Opioid introduction and receptors 1

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  1. Most of the opioid agonists in clinical use today are structural derivatives of what?
    • Morphine and codeine alkaloids
    • Which come from the latex of the opium poppy
  2. Alkaloidal opioid agonists mimic the activity of two small endogenous pentapeptides, what are they called?
  3. Enkephalins, endogenous opioid ligands, differ in structure only at the last amino acid in their 5 chain peptide, describe the difference:
    • Leu-Enkephalin = TYR-GLY-GLY-PHE-“LEU”
    • Met-Enkephalin is TYR-GLY-GLY-PHE-“MET”
  4. What are enkephalins not used in the treatment of pain?
    They are too short-lived to be of clinical use
  5. What are the peptide analgesics on the market?
    No peptide analgetic has yet found its way to market
  6. What are the binding sites for alkaloidal opioids which mediate the analgetic response?
    • u (mu, for morphine)
    • K (kappa, for ethylketocyclazocine)
  7. Enkephalin peptides prefer to bind to what type of opioid receptor?
    Delta () receptor
  8. Why is the Delta receptor that Enkephalins bind to called delta?
    This receptor was first found in the vas “D”eferens
  9. Why do opioids have a potential for abuse?
    Due to the euphoric effects that  opioid agonists produce
  10. Patients using opioids for the treatment of ¬¬¬¬________ are much less likely to become addicted to these drugs than patients who need them for other reasons.
  11. What is the major use-limiting side effect of opioids?
    Abuse potential
  12. Why are opioid patients often under-medicated?
    Due to careful practice to avoid abuse
  13. What type of disease is Addiction?
    • A primary, chronic neurobiologic disease with genetic, psychosocial and environmental factors influencing its development and manifestations
    • involves a complex set of physiological and psychological responses to a drug’s chemical message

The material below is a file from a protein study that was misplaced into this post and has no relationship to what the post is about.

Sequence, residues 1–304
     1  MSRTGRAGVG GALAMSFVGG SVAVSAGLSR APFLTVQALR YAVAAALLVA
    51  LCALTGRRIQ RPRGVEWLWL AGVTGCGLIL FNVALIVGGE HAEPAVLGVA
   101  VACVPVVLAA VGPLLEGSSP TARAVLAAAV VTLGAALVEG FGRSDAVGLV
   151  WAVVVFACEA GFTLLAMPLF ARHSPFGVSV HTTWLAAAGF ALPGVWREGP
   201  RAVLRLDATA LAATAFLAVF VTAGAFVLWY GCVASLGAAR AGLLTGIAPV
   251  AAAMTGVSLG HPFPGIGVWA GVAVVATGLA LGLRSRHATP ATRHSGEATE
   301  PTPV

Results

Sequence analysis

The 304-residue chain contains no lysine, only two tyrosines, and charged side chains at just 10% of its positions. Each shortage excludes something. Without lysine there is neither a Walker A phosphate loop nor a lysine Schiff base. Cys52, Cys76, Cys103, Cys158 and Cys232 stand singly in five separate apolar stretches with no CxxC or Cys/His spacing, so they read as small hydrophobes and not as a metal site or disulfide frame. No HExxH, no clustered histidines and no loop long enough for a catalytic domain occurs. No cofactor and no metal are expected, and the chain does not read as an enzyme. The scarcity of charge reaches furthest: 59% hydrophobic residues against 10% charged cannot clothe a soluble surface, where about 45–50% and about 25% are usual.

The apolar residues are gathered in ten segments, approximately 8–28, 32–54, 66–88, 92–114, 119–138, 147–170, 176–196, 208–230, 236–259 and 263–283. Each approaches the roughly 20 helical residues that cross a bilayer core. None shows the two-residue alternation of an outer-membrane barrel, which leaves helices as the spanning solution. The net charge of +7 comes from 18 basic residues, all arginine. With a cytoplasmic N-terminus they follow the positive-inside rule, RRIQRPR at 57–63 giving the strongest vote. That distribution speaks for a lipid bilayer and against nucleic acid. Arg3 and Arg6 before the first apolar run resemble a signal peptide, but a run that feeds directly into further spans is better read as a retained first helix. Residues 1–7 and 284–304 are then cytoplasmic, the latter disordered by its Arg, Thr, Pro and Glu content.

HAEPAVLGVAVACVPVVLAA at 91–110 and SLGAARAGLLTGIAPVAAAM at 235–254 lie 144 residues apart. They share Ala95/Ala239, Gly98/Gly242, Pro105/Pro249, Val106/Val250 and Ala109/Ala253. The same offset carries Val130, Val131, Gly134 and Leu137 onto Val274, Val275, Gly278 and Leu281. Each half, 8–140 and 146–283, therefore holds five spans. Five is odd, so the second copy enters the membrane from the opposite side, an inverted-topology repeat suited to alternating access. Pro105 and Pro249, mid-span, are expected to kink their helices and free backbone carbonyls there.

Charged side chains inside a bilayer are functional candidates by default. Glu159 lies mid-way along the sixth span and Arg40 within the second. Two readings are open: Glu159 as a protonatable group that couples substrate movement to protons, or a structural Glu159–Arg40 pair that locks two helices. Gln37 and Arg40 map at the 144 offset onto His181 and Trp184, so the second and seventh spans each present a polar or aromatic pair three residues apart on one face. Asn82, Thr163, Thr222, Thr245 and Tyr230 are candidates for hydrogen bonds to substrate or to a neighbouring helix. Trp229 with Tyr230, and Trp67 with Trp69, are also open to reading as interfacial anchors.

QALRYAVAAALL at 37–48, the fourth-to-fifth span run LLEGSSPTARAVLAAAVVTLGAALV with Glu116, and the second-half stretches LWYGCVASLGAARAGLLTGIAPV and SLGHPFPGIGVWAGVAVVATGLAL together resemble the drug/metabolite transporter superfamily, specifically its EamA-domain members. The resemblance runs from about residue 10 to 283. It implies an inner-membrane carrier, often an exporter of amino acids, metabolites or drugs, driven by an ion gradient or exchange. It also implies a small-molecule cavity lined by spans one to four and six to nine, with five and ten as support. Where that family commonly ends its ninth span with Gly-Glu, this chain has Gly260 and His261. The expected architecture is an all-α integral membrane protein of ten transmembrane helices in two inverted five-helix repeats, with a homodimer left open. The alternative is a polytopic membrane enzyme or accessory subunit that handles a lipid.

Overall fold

14. What are the two subclasses of Addiction?
    • Tolerance and Dependence
    • These two phenomena by themselves are not sufficient to define addiction
  15. What is the definition of True addiction?
    Strong psychosocial and genetic component, leading to drug craving and drug-seeking behavior in the absence of pain
  16. What are the 4 C’s of drug additiction?
    • Compulsive use
    • Inability to Control the quantity taken
    • Drug Craving
    • Continued use despite negative consequences
  17. Drug craving is a genetically based or learned behavior?
    Learned behavior
  18. How long can Drug cravings last?
    May last a lifetime
  19. What is the main reason patients relapse after addiction?
    Drug cravings
  20. What is the definition of Tolerance?
    Increasingly larger dose of drug is required to produce the same degree of biological response that had previously been obtained with a lower dose
  21. The mu receptor is what type of receptos?
  22. Describe how analgesia and euphoria are produced by opioids at the mu receptor:
    Mu receptor stimulation inhibits adenylate cyclase, which causes elevated cAMP levels that analgesia and euphoria
  23. How does tolerance happen at the mu receptors?
    • The body tries to maintain homeostasis by:
    • Consistently depressed levels of cAMP stimulate the synthesis of new adenylate cyclase protein (upregulation) and a decrease in Gi synthesis
    • mu receptor is absorbed back into the cell
  24. How long must a patient be on an opioid to have Tolerance develop?
    Chronically: several weeks or longer
  25. What is the definition of Dependence?
    Physiological need for drug to maintain "normal" functioning as defined by the adapted presence of the drug
  26. Opioid withdrawal is usually severe, what are the main characteristics of it?
    • Both physiological and psychological
    • (physical and emotional distress)
  27. (True/False)All patients on chronic opioid therapy will be dependent to some extent.
  28. Tolerance and dependence apply to what activity of opioid action?
    • Analgetic
    • Sedative
    • Euphoric
    • Respiratory depressant actions
  29. Tolerance and dependence DO NOT apply to what activities of opioid action?
    • GI
    • Pupillary actions